This beautifully illustrated book, designed for preschool and kindergarten, explains different kinds of shells and the creatures that inhabit them. The shells are compared to the shelter occupied by people and by other animals. We learn that some shells do grow larger along with certain animals while other animals must shed their out-grown shell in favor of a new one. Many shells are beautifully depicted and identified and the story-format of the text is very easy and interesting for young children to follow.

Review Date: 
11-17-99
Reviewed by: 

What Makes a Magnet?

Book cover: 'What Makes a Magnet?'
Author(s): 
Franklyn M. Branley
Copyright: 
1996
Publisher: 
Harper Collins
Series: 
Let's Read and Find Out Science
Binding: 
Softcover
Number of pages: 
32 pages
Grade / Age level: 
Review: 

What Makes a Magnet? constitutes a fairly substantial introduction to magnets for children approximately ages 5 to 9. They are invited to do a little discovery for themselves by doing some "fishing" with a magnet in a box of miscellaneous objects and see what things the magnet will pick up. The book goes on to explain that magnets pick up, not everything made of metal, but objects which contain iron in particular. Also explained are how to make your own magnet and compass, the poles of magnets and the earth, and the history of the discovery of the first magnets (lodestones) and how they were used for early navigation. This is a very nice early science book (despite a few "corny" pictures) because of the rich content in a simple format and how the book actively involves the child in the learning process.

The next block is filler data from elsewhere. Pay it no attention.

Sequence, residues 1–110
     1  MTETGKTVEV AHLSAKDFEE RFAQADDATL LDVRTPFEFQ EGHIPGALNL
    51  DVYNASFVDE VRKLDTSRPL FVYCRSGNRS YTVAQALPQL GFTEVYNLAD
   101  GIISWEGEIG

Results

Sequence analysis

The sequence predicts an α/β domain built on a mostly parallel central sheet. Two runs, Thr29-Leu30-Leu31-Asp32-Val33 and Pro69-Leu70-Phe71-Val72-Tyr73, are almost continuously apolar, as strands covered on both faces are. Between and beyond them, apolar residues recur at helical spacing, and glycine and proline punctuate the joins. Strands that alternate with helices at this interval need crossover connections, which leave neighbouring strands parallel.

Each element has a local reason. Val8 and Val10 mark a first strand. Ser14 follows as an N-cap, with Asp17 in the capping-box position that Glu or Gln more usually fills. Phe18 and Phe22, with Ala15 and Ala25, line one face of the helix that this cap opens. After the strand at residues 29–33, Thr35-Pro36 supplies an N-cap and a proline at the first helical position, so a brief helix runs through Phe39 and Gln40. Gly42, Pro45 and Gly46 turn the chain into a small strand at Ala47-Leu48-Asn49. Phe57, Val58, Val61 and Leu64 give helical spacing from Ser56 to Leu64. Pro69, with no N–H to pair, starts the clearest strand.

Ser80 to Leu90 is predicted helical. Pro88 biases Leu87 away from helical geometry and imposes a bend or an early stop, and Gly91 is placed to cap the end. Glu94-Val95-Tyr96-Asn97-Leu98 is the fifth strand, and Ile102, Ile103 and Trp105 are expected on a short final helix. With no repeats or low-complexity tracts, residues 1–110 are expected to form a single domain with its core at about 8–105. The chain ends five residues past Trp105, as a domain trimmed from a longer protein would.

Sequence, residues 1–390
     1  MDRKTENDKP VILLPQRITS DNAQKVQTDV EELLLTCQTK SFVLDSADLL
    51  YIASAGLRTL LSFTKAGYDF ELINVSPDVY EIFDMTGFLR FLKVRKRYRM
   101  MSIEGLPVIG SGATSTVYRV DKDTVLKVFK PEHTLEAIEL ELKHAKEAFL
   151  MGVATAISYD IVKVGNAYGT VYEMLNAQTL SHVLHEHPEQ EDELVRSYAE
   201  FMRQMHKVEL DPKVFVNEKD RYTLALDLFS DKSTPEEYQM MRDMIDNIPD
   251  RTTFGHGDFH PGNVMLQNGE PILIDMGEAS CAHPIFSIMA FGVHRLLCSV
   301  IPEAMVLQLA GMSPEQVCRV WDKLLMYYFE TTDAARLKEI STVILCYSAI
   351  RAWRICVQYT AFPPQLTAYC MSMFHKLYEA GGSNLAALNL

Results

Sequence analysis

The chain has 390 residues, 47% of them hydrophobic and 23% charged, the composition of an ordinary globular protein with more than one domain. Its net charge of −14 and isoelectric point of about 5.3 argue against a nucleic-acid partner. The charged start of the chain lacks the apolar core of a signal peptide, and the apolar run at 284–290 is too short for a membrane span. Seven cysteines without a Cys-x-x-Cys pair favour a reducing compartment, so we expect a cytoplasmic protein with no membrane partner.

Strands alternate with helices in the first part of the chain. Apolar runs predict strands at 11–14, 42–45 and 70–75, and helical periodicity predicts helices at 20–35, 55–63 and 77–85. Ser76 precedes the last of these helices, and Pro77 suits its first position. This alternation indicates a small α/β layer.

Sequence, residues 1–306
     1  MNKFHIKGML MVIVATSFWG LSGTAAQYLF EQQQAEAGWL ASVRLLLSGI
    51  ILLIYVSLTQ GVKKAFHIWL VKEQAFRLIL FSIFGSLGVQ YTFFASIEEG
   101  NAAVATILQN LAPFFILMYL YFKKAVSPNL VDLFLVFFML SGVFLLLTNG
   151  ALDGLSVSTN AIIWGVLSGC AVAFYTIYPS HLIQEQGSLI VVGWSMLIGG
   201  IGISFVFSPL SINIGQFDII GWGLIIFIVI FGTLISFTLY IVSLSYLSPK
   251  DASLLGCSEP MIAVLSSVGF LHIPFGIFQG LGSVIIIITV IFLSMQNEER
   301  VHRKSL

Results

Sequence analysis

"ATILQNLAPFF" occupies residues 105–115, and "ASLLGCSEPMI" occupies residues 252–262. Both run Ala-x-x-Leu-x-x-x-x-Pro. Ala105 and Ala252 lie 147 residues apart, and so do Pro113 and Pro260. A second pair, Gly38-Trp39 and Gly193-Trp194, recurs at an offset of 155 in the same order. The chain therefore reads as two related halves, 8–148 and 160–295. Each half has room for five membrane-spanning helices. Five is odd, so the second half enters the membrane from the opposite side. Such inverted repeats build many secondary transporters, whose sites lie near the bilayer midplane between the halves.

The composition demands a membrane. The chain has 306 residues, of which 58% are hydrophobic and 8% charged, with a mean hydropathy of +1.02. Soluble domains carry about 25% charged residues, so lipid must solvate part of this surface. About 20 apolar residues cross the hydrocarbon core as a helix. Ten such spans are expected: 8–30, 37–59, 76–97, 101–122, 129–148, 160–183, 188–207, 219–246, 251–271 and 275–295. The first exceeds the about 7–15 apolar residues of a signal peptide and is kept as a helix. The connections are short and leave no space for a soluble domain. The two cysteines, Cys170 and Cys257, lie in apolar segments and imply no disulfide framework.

Review Date: 
12-27-99
Reviewed by: 

What Makes Day and Night?

Book cover: 'What Makes Day and Night?'
Author(s): 
Franklyn M. Branley
Copyright: 
1986
Publisher: 
Harper Collins
Binding: 
Softcover
Number of pages: 
32 pages
Subject(s): 
Grade / Age level: 
Review: 

The clearly written text is combined with simple, colorful pictures to make the concepts of day and night and the rotation of the earth in relation to the sun very understandable for both young children and their parents. : ) Included is a very simple hands-on "experiment" requiring only your child and a desk lamp. Some information about the moon is also covered. Like other books in this series, this book is a great solution for satisfying some of those "why" questions that young children constantly ask.